Sanipe first said he would go, but later changed his mind. Carl Orakwue just returned from Onitsha and would not hit the road again, so it was left for Emeka Dennar who I learned had sworn that he would never ever go to Aba for an Enyimba game after his last experience.
I heard the roads were horrible and a journey of 45 minutes took them about three and a half hours. However, Emeka told me that it may be better since we would be going on a Sunday morning and traffic would be light. He then asked if I would be driving down and by impulse, I responded, “You dey craze!” I told him my car is my prized possession and I wouldn’t want it destroyed on that road. I had heard stories.
However, I was determined to go for the game so at this time I was beyond reason.
We met at Nkpolu Rumuigbo along the East/ West road where the road had been cut in half. So you stop on one side where the taxis turn around, then walk across a wooden bridge overlooking fast-moving groundwater. This contraption was constructed by the inhabitants of the area for ease of movement to the other side where taxis coming from Rumuokoro have to stop because they can’t go further, just like those coming from the University of Port Harcourt.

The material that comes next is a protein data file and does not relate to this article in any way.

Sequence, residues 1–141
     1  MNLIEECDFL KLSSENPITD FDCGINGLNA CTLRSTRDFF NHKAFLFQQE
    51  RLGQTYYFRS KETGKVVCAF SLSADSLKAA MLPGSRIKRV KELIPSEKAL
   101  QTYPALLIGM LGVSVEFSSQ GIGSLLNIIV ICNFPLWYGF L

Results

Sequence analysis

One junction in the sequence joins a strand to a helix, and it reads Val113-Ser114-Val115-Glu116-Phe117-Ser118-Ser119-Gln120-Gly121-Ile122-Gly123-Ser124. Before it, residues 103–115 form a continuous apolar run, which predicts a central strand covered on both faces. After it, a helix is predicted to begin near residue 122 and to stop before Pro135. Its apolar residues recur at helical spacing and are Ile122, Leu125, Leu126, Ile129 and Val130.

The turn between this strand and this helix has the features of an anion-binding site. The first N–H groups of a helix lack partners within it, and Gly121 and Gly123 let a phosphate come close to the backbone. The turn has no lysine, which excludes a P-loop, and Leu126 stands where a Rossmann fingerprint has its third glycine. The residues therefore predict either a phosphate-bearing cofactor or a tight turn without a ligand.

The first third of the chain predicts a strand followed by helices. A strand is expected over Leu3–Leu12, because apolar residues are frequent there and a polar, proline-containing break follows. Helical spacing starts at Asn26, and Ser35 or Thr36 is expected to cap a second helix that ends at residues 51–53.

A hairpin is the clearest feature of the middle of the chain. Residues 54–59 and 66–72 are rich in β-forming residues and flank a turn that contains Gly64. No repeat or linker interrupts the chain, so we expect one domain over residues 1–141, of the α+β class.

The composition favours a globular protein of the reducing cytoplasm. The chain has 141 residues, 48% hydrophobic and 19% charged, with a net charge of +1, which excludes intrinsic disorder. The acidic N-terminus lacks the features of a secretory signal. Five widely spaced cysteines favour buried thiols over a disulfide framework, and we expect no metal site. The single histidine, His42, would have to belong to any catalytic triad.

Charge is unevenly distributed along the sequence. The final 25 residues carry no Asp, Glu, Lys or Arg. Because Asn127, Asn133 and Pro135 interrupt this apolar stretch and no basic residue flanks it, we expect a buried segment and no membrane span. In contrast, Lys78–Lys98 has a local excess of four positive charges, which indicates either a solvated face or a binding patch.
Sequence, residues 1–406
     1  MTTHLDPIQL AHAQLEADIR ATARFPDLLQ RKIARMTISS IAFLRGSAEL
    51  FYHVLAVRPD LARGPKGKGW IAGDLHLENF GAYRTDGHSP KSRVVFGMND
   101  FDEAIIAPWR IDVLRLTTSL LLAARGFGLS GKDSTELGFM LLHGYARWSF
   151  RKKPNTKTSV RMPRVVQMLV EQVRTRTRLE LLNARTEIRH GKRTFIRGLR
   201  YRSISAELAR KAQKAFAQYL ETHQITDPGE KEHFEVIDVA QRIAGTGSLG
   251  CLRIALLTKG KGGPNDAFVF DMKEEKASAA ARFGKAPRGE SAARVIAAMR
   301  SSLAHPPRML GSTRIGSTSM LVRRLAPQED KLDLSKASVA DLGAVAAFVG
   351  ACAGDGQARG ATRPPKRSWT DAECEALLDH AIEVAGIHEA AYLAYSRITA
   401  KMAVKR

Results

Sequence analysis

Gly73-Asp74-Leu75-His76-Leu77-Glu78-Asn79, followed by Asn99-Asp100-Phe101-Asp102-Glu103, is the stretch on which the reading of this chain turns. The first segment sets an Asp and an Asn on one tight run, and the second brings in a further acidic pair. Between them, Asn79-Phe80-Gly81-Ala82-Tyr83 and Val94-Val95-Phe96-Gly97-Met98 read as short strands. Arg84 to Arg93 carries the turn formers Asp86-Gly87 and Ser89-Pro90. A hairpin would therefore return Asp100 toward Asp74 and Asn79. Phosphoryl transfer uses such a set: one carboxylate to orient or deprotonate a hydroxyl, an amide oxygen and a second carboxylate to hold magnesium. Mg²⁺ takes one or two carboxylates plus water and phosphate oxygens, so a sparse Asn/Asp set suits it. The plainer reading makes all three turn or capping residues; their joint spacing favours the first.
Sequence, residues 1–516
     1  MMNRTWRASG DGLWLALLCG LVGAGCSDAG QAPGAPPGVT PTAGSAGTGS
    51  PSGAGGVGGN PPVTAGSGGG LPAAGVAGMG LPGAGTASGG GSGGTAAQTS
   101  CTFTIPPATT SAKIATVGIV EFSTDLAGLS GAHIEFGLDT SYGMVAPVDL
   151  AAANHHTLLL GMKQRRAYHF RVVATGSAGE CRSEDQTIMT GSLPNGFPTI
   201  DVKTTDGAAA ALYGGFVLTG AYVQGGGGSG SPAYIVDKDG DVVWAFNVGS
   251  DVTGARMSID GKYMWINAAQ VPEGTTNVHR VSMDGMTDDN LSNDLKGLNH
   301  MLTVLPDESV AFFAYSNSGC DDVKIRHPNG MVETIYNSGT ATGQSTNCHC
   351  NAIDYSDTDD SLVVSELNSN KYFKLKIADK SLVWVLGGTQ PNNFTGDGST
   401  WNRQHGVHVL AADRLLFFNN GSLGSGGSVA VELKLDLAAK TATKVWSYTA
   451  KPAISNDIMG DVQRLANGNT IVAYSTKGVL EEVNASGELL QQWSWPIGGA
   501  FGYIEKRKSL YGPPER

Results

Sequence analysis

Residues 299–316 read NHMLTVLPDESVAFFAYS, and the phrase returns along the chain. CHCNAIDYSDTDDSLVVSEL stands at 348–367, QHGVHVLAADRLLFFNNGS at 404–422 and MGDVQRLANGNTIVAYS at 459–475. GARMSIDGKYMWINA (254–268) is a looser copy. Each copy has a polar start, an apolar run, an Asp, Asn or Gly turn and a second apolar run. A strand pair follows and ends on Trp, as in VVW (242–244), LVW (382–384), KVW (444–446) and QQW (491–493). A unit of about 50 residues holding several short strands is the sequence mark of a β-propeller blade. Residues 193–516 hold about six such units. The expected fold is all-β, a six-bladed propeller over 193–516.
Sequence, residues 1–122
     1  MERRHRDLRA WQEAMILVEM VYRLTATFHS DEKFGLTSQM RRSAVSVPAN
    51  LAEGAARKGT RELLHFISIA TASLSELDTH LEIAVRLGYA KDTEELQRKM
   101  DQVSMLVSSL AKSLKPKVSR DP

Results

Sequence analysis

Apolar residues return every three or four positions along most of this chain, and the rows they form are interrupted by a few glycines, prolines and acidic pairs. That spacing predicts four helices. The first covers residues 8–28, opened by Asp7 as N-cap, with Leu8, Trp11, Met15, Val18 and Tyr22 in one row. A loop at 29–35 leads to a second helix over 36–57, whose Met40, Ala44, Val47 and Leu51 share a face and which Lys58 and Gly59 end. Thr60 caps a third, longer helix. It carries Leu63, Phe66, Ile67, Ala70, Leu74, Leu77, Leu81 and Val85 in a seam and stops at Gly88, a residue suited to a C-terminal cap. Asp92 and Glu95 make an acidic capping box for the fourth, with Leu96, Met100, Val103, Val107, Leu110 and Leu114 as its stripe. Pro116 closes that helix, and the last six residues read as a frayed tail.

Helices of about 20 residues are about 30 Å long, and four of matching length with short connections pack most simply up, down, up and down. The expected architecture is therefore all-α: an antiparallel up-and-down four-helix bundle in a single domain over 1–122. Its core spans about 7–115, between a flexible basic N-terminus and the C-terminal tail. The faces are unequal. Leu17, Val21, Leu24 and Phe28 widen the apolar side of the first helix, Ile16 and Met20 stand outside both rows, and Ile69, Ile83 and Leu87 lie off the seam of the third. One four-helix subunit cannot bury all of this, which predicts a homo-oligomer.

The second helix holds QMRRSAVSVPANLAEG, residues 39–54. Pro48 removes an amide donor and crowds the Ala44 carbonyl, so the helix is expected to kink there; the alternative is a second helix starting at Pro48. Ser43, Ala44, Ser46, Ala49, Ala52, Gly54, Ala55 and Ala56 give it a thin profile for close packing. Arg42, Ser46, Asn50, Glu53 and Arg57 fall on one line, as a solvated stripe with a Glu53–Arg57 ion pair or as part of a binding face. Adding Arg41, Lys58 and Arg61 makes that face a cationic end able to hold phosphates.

The shame of this all was that this was in Port Harcourt, the Garden City and not Lagos where we usually see these sort of messy photos.
A taxi took us to Eleme junction from Nkpolu Rumuigbo and by the time we got to Rumudara, around the Deeper Life Area I started asking myself if I lived in Port Harcourt or if there was a nuclear war I did not know about.
I cannot even say the road was terrible because calling it a bad or terrible road would be an insult to bad and terrible roads. There were parchments of what we would call a road, mixed with large masses of mud, then filthy groundwater, more parchments of what we would call a road and then more mud. I really cannot explain what it was, but motorists continued to struggle in their cars and Tricycles. Nigerians are suffering. It seemed like a mudslide occurred in the area, but it was a Federal road, wasn’t it?